24. This new formula had already been introduced by a decree of the Sacred Congregation of Rites on 25 April 1964. [back]

  25. See my booklet The Catholic Sanctuary and the Second Vatican Council for full documentation (TAN Books, Rockford, Illinois 61105). [back]

  26. Summa Theologica, II, I, Q. 97, art. 2 (quoting the Decretals). [back]

  27. A document published motu proprio (“of our own accord”) is a binding papal document involving the supreme authority of the Sovereign Pontiff as opposed to the documents of the Vatican Congregations which although normally issued with papal approval are not papal acts. [back]

  28. See The Latin Mass, Summer 1995, p. 14. [back]

  29. Gamber, p. 114.13 [back]

Photo credits[Michael Davies was president of Una Voce International and the author of many books on Catholic history and liturgy. One of his last works was Lead kindly light: The life of John Henry Newman (Neumann Press). The present article, "The Missal of 1962 - A Rock of Stability" was originally published in Latin Mass: A Journal of Catholic Culture and Tradition (Spring 2001), pp. 4-13, and is reprinted here by permission of Latin Mass Magazine, 391 E. Virginia Terrace, Santa Paula, CA 93060.]

Monday, April 02, 2007

A Rite Histrionic and Disoriented

By Nicholas Postgate

The title of this article highlights two aspects of the new rite of Mass. The word “histrionic” refers to the Novus Ordo’s inherent tendency to place emphasis on the priest as a talker and performer, with ample room allowed for extemporaneous words and free-form bodily posture, in contrast to the Tridentine rite’s insistence on the priest as an “animate instrument”1 who fulfills a definite hieratic function at the altar through his recitation of ecclesiastically determined sacred speech and his careful observance of detailed rubrics fraught with inherited meaning.

The word “disoriented” refers specifically to a Mass turned away from the East and towards the people, thus towards the West. Since, for all the Fathers and Doctors of the Church, the East represents Christ the Daystar who rises into our world and receives our worship,2 while the West represents the darkness and those who love the dark by fleeing from God’s light, this turning of the priest’s back to the cosmic symbol of Christ and his second coming and towards the people is code language for anthropocentrism, the worship of man’s inner potentiality, and the subordination of the immutable divine source of perfection to the ever-changing human “experiment”3 Saint Thomas quotes Saint Augustine: “The East (that is, Christ) calleth thee, and thou turnest to the West (namely, mortal and fallible man).”4 In the words of Diderot, encyclopedist of the Enlightenment: “Man is the single term from which one must begin, and to which all must be brought back.”5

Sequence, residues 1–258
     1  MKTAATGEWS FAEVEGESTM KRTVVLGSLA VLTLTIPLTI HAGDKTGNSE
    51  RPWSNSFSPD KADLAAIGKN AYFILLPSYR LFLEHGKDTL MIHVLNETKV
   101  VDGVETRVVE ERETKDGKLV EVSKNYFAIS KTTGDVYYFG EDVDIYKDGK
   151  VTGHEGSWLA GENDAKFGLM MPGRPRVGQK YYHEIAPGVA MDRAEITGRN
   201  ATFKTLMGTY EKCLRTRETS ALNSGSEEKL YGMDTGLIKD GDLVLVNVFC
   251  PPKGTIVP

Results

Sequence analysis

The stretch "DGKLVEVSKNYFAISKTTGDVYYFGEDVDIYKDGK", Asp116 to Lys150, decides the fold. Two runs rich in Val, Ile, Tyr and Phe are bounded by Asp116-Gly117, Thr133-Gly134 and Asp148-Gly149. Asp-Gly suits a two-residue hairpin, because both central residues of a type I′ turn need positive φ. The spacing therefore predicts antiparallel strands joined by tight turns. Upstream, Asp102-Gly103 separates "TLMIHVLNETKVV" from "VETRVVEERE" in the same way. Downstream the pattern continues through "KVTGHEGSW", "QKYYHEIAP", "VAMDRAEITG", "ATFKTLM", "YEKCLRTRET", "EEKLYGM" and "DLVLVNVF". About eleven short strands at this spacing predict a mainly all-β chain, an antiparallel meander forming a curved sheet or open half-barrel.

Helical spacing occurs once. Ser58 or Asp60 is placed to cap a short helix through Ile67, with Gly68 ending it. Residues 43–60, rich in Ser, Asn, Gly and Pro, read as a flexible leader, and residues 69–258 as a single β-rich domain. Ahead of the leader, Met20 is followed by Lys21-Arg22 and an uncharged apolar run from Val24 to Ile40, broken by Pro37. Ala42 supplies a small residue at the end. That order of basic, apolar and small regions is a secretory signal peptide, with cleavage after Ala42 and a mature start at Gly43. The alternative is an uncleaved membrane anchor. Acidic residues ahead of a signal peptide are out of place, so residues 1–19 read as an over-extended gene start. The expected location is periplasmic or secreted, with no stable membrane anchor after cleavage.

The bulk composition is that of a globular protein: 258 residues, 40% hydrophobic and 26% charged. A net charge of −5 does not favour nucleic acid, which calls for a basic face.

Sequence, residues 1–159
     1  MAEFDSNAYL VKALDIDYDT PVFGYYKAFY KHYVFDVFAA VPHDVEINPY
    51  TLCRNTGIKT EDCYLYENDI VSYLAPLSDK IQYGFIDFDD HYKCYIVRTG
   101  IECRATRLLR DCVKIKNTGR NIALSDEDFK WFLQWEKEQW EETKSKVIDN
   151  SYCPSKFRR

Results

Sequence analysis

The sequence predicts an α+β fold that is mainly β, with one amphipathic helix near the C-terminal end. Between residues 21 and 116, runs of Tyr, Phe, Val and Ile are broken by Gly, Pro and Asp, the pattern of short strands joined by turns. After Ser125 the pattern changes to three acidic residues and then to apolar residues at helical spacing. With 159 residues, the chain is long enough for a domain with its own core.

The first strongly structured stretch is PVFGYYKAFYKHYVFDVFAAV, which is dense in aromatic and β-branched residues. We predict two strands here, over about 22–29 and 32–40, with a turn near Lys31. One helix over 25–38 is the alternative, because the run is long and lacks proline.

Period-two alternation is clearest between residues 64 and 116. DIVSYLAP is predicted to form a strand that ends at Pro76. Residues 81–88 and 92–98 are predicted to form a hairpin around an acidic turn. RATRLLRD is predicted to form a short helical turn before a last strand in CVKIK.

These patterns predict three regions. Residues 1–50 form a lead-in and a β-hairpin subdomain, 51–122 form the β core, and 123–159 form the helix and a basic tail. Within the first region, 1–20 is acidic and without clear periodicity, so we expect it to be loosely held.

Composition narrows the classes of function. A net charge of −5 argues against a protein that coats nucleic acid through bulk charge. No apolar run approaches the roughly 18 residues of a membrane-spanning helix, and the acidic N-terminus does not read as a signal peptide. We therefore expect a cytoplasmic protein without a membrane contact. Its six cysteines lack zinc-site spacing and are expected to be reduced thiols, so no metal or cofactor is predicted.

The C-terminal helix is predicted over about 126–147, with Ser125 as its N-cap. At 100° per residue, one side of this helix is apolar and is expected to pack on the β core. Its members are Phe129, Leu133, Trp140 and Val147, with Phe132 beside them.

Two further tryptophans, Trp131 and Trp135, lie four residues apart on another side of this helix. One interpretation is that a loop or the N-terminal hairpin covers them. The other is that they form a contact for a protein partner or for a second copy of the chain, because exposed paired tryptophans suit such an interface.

* * * * * * *
According to Cardinal Ratzinger, the feminist clamor for women’s ordination could only have occurred after the lowering and lessening of the priestly office to a vehicle of community power.

* * * * * * *

Research on the new liturgy by such mainstream theologians as Aidan Nichols, Lauren Pristas, and Jonathan Robinson, building on the work of earlier critics like Klaus Gamber, has established the deep and pervasive influence of Enlightenment theory upon the members and fellow-travelers of the Consilium, the team that produced the new liturgical books.6 It is no surprise that a liturgy set within this Enlightenment context, which at once accentuates the people and invites the priest to become a “presider” over this people’s republic, cultivates a distinctive celebrity ethos, the aura of the politician who, in modernity, is not so much a moral agent as an amoral actor. The presider or president is the center of attention and must act and react accordingly; he is, more than ever, the man in charge, the holy politico. According to Cardinal Ratzinger, the feminist clamor for women’s ordination could only have occurred after the lowering and lessening of the priestly office to a vehicle of community power. If it is a matter of lording it over the congregation, the vain, power-hungry extrovert should stay as far as possible away from the old rite, with its sober beauty, classical restraint, and ascetical attention to details unseen and unheard, and throw himself with gusto into Bugnini’s talent show, where the great I Am (Me) has almost untrammeled opportunity for exhibition.